Over the weekend I found myself defending Fodor and Piattelli-Palmarini's "What Darwin Got Wrong" in the comments section of the Boston Review. I thought I would reprint my arguments here in case anyone wants to carry on the discussion in more depth and to offer some summary thoughts. For context you need only to understand that F&P's critics have all used variants on 1-10 below in defending Darwin.
is my theory of US Presidents.
Tomkow's Theory of Presidential Selection: The U.S. has the presidents it does because of the process of electoral selection. Electoral selection works by selecting the most popular candidates. Presidents are popular or unpopular because of their traits. The president elected at any given time will be the president with the most popular traits.
Now I assume you agree that:
1) My theory, as far as it goes, is true.
2) There is a fact of the matter why any given president is elected.
3) Whether someone is elected president depends on some of their traits and not others.
4) The election of every president is explained by his possession of popular traits.
5) It is often obvious that certain traits at certain times make some candidates more popular than others.
6) There are plenty of clear historical examples of Tomkovian selection in action: e.g. President X was clearly selected because he had trait T and T was popular (substitute for whatever historical X and T you think clear).
7) It is perfectly clear, that, as a matter of fact, some traits that may be correlated with popularity are not really electorally significant. Thus, it happens that historically, the tallest candidate always wins a US election. But everyone can see, and Tomkow certainly would not deny, that tallness is not the trait that people are voting for.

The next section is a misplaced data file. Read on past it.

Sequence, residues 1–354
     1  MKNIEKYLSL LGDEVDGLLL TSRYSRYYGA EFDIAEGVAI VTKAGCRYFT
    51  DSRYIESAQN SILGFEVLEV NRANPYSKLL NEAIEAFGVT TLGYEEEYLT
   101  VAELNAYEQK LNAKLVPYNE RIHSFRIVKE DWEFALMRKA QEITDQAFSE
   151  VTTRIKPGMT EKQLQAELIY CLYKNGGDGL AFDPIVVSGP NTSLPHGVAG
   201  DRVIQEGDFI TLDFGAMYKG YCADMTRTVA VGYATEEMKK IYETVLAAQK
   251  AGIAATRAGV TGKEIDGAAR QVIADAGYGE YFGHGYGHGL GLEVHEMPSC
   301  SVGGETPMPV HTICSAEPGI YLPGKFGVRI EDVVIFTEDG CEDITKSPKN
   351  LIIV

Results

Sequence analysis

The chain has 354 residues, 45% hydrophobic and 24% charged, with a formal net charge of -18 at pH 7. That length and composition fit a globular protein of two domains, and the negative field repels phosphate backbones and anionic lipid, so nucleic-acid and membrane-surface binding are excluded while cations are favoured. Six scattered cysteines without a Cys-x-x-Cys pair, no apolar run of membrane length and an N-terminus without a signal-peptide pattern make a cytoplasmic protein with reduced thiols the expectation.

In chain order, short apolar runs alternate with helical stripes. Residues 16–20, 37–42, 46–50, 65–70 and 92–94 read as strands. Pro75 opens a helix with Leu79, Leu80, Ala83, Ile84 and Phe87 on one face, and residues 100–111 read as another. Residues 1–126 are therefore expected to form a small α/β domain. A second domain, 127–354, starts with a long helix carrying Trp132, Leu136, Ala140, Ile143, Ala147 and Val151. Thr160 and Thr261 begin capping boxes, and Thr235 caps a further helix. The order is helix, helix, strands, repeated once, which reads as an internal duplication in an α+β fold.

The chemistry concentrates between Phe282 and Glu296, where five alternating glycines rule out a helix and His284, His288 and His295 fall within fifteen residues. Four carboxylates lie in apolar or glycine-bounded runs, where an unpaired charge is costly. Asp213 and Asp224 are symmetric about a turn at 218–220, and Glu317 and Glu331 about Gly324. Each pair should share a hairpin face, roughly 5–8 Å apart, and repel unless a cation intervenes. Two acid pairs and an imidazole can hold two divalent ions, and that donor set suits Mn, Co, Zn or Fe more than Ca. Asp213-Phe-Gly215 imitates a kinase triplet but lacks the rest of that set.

8) There is a huge industry of serious and sensible people who do careful objective work in studying , explaining and predicting presidential elections using powerful statistical tools and careful historical analysis.
9) There may indeed be, and we may soon discover, real law-like regularities that connect the popularity of particular traits with specific environmental factors e.g. of the rate of taxation or GDP or …
10) There is no reason why the study of what traits lead to electoral success cannot be scientific in every sense of the word.
Okay. Now given that you agree about points 1-10, don't you concede that Tomkow's theory represents a deep, indeed profound, insight into the workings of the political order?
No? What's that you say?
You say that even though 1-10 are true, Tomkow's theory, by itself, provides no clue at all about how to distinguish what traits are popular at any given time from other, irrelevant traits.
You say that Tomkow's theory itself really doesn't explain why any particular candidate was or will be elected.
You say that even though historians and political scientists have lots of substantive things to say, it's really no thanks to Tomkow.
You say that, as it stands, Tomkow's theory cannot be used to predict who will be elected and can only be used to explain any particular election result post hoc.
You say that, while some historical cases are clear, what makes for popularity in a candidate is so context dependent that you are skeptical that there will ever be a general scientific theory of "popular trait" per se .
You say that Tomkow's theory of Presidential Selection really isn't a Scientific Theory at all!
You know, your complaints about my theory of Presidential Selection sound an awful lot like F&P's complaints against Darwin's theory of Natural Selection.